Not surprisingly, the chapter on Hyde is the high point of the book. It manages to convey something of the special character of the Chinese people: their good humour and endurance in the face of unimaginable obstacles, their imperturbability (which Hyde penetratingly compares with the greater emotionalism and unpredictability of the Japanese), that sense of a continuing tradition which is uniquely Chinese. It manages to convey, therefore, what it was that attracted ‑ and still attracts ‑ New Zealanders to China. And it articulates an internationalist strand that rarely breaks the surface but which informs the China stories of many of these New Zealand women.

Perhaps because he has more material to work with, we get exactly what we need from Newnham here to understand Hyde’s account. His quiet provision of background complements the colour and excitement of her own style and his placing of excerpts, though determined by chronology, brings out well the organic connection between her writings.

Newnham is better on the whole at providing the joins than at the longer stretches of text, where his narrative style seldom rises above the competent stringing together of well-selected fact. His strengths as biographer lie in another direction. He is always sympathetic to his subjects and handles with care sensitive biographical detail, like whether or not Alley may have proposed to Shirley Barton. The voices of his women usually take off easily from the springboard he provides. The chapter on Ramai Hayward, which reads like well‑edited oral history, is the best example.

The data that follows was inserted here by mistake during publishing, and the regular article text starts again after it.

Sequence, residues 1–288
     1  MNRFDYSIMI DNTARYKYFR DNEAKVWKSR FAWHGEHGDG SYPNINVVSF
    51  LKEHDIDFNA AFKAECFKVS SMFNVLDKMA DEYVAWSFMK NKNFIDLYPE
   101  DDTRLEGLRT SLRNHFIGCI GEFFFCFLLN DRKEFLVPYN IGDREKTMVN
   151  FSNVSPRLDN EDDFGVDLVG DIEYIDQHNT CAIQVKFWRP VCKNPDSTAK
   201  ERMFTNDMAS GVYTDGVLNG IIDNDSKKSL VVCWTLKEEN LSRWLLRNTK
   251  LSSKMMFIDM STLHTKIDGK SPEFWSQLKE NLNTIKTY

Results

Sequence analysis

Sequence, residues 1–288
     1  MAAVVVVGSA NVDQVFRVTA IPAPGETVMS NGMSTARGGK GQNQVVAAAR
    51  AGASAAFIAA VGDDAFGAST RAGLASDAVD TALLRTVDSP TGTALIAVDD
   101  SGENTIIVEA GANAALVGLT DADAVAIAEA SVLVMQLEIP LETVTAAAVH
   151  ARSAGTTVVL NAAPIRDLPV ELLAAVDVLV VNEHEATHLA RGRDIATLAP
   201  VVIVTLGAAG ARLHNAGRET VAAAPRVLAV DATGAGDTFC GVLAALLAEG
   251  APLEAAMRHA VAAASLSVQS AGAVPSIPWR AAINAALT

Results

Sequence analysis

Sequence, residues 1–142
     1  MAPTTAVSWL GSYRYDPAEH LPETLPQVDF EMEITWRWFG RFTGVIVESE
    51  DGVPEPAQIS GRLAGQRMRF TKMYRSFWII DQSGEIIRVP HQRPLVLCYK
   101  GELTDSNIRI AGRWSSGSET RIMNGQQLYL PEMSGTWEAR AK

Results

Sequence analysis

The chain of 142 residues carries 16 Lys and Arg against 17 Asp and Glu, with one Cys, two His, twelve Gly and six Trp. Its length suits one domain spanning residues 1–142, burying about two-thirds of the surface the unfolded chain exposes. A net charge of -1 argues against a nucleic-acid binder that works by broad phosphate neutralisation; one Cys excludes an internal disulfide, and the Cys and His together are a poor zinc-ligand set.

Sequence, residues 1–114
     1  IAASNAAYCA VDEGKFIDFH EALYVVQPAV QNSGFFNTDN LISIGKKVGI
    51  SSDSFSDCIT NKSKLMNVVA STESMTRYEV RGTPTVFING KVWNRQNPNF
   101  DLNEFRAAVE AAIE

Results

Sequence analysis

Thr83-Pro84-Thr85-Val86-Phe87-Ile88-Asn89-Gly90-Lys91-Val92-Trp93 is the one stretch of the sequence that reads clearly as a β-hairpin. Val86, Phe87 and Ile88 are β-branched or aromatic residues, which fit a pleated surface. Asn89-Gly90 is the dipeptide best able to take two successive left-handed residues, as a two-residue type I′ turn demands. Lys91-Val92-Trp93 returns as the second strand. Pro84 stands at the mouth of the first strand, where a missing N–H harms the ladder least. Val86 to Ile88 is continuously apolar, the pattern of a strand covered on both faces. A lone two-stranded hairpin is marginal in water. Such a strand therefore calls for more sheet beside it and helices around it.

Here is the New Zealand practicality and the diffidence, as well as the assurance when it counts. We can almost hear Hayward taking over the loudspeaker system of a Chinese train to substitute Maori songs for Chinese opera on the long haul from Canton to Wuhan. Most dramatic of all is her description of presenting a feather cloak from King Koroki to Mao Zedong on 1 October 1957. (There is a wonderful matching photograph of Mao bundled into the cloak.) Barefoot on the advice of Guide Rangi and dressed in a piu piu given to her by Princess Te Puea, Hayward explained the weaving process to Mao, all the while shaking, not so much at the solemnity of the occasion or the October cold, as at the fact that husband Rudall was filming it all and she was “terrified ‑ I thought they would grab him and throw him over the wall or something”.